LED Street Lighting: Why Blue May Not Be For You

06/27/2018 | Back to News

Correlated Color Temperature (CCT) is the description of a light’s color in terms of its warmth or coolness. Represented by Kelvin, a CCT of below 3,000K will have a warm white appearance similar to that of an incandescent. As this value increases the light will become brighter and cooler. There is an ongoing discussion in the street lighting community concerning what an appropriate CCT is for street lighting, as LED’s with various options for CCT and Color Rendering Indexes (CRI) have come into the picture. There are many factors that come into play in this discussion and affect what CCT is chosen for a particular street lighting project.


The international Dark-Sky Association (IDA), an organization focused on the control of light pollution, published a paper outlining the potential hazards of blue-rich white light sources. These blue-rich lights represent LEDs with high CCTs. The study found that increased blue light emissions increased the likelihood of glare and interference of the ability of the eye to adapt to low light levels. These emissions have also been known to interfere with the human endocrine system, leading to a reduction in the production of melatonin, a hormone shown to suppress breast cancer growth and development. IDA sought to avoid these effects by creating an FSA (Fixture Seal of Approval) requiring lighting with a CCT of 3,000K or lower.

Poor lighting caused by low CCT can also make it difficult for motorists to see hazards or objects clearly at night, creating an unsafe driving environment. Utilizing LED luminaires with higher color temperatures, such as 4000K, improves safety conditions when properly designed for the application. The higher or whiter the color temperature, the greater the perception of brightness is to the human eye. This allows for an increased ability to perceive colors, definition, and movement of other drivers, pedestrians, and objects all in a comparatively low light setting. It has also been shown that white light doubles a driver’s peripheral vision and reduces their braking times by 25% when compared to high pressure sodium lights (HPS) which have a low CCT. Locations that could benefit from this approach include areas where security is a concern, or high pedestrian conflict areas, such as intersections and downtown districts with a lot of nightlife.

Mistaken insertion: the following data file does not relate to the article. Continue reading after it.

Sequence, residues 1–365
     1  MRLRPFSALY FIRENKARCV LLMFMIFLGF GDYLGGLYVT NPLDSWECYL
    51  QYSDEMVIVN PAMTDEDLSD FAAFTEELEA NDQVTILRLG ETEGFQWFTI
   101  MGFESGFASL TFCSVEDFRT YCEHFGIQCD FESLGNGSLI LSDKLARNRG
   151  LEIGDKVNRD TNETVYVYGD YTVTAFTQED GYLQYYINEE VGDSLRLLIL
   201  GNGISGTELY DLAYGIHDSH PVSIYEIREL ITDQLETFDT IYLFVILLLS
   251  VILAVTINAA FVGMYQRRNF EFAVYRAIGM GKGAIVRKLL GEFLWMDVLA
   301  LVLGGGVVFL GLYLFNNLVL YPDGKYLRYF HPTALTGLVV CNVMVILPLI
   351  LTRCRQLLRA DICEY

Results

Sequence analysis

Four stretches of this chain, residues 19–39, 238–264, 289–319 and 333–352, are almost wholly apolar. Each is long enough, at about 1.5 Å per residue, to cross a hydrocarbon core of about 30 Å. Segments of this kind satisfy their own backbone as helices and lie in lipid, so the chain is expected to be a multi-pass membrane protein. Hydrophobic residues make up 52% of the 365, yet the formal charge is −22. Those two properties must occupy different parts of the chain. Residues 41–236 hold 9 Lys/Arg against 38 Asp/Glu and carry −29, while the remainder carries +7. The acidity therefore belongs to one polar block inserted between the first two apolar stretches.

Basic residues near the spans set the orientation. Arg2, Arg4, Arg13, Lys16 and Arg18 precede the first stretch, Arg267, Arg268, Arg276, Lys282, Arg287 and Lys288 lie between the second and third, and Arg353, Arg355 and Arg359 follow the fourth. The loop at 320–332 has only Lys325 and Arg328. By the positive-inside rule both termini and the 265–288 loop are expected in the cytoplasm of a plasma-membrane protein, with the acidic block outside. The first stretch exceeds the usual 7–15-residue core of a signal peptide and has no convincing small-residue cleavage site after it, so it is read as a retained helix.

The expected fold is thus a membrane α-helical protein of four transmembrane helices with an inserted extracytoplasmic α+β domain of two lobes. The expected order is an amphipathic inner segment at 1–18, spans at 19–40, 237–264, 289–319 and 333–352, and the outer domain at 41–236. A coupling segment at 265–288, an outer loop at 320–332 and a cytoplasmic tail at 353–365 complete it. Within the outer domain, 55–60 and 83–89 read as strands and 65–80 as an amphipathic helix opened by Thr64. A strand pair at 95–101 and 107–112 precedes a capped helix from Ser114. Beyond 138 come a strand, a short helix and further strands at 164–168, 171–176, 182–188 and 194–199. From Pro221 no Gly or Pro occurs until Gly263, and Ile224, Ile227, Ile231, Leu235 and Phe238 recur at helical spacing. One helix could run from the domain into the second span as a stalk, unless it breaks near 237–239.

Circadian Rhythm

Circadian rhythm is the internal clock that controls your sleep/wake cycle. It’s what causes you to feel tired at night and alert during the day. Outside factors such as light and darkness impact this cycle, which is why we get more tired as it gets darker and vice versa. When LED’s emerged as a viable and efficient light source, concerns arose that the white lights would cause circadian and sleep disturbances. Philips lighting, a global leader in LED lighting solutions, have stated that if properly designed and applied, there should be no impact on sleep behavior. This proper application and design involves choosing the right optics and light intensity for the area of application, specifically CCT.


In the first few years of LED outdoor lighting use, lights with higher CCTs were more available, efficient, and cheaper than those of lower CCTs. Efficiency losses occurred when creating warmer CCTs and thus production of these warmer lights was low. With advances in LED technology, warmer CCTs could be made without losing as much efficiency. Even with these advances, however, a higher-CCT LED is more efficacious than that of a lower CCT, keeping all other properties equal. This efficiency translates to lower utility costs and greater environmental benefits.


Choosing the right CCT can affect not only the safety of an area, but the aesthetic appearance as well. Street lights with too low of a CCT will appear orange in color and cause a scene to look dreary or dark. Studies have consistently shown that this orange light makes streets look darker than a white-lit street, even with identical levels of luminance. Below is the difference between a street with lights of low CCT’s compared to the same street after having the lights replaced with LED’s with higher CCT’s.

City of Poughkeepsie, NY – AFTER
City of Poughkeepsie, NY – BEFORE








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